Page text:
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In addition to the comments made by this answerer I would like to add a little helpful (and possibly reassuring) information.

Many parents don't realize there is a lot more to learning to read than just phonics. BEFORE that step can happen kids have to know:

That stories begin at the front of the book and end at the back. That books have stories in them. Which way to hold the book. How to turn pages. That pictures are symbols that can represent parts of stories That letters are symbols representing sounds and that collections of letters represent words.

An additional language skill related to reading but not a part of learning to read (more a part of learning to comprehend) is learning how to re-tell stories.

Your son is actually showing you his learning! What he is doing is an early form of emergent reading and emergent Reading skills! YEAH!!!! This is good news.

In other words, encourage him to continue doing exactly what he is doing. In order to also incorporate him watching your example, you might try saying something like, "okay, but then can we take turns?" Listen to him "read" you a story, and then he gets to listen to you read a story. This will encourage the learning he is doing while also modeling "real" reading for him and give the two of you time to engage together on the matter even though he is feeling more independent about it at the moment.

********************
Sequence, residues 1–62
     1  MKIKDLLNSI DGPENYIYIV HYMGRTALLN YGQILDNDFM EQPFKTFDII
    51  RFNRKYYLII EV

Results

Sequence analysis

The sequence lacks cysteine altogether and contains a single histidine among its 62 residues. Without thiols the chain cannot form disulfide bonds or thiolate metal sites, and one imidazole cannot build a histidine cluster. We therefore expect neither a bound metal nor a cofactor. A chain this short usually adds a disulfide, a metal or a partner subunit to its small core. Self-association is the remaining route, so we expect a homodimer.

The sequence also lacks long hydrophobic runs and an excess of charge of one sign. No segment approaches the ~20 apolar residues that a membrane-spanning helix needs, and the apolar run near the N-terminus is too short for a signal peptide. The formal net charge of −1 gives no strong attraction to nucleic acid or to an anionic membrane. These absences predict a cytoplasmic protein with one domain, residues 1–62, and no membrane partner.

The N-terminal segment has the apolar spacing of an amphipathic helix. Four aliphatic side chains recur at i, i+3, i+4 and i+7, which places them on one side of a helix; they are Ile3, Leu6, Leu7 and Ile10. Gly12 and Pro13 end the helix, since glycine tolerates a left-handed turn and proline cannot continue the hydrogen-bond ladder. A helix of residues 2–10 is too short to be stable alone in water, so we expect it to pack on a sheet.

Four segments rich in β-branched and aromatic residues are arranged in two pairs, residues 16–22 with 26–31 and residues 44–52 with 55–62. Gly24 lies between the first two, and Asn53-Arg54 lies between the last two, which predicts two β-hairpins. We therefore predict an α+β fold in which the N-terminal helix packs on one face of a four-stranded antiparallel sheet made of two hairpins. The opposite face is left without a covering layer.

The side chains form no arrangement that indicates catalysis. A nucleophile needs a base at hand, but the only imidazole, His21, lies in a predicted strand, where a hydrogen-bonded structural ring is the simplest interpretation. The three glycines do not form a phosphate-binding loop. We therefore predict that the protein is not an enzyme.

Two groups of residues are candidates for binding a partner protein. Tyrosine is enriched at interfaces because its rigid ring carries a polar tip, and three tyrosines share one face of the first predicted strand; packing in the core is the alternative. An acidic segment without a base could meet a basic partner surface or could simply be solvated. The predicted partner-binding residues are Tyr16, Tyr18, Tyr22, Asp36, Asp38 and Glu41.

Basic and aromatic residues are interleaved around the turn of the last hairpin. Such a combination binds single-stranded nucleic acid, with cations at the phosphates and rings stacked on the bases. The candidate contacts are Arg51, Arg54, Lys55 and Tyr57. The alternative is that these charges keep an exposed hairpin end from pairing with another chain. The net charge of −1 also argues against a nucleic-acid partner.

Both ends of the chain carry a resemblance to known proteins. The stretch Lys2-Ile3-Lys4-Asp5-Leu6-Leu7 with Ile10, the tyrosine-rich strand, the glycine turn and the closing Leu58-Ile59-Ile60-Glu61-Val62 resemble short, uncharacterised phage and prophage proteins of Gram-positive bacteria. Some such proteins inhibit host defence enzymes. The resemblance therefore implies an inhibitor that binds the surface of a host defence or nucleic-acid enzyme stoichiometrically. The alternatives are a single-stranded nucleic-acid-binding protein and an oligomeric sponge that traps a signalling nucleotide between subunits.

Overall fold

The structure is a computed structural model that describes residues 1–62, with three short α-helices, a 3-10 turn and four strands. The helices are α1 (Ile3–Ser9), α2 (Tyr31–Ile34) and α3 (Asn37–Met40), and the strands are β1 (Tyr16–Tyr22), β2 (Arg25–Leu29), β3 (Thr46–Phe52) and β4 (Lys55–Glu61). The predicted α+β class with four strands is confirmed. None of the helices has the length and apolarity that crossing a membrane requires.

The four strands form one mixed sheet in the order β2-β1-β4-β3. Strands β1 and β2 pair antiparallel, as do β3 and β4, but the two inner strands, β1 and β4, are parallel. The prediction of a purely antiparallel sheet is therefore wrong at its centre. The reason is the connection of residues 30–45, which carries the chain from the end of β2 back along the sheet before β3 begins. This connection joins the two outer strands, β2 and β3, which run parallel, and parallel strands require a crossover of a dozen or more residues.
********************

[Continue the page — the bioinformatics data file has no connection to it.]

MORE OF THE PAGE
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This is a great step in learning to read - it really shows that you have been reading with him. Although the next step is for your child to begin reading to himself, don't underestimate the power of reading to your child. It is about more than just bonding with your child, which can be achieved in many ways. It is great to encourage this independence in your child and ask him to tell you the story but do not give up reading to him as well. There really is never a time that you should stop reading to your children. There are many studies that show the benefits of reading to your children - all of these studies show that the more you read with your children, the stronger readers they are. It is important to follow his lead at this point and interact with him with the books. One way would be to "read" together - read the words on the page to him and then ask him what he sees on the page so he can tell the story he sees as well as hearing the words. At this stage, also, make sure you are pointing to the words you are reading as you read them to help him begin to recognize where your words are coming from.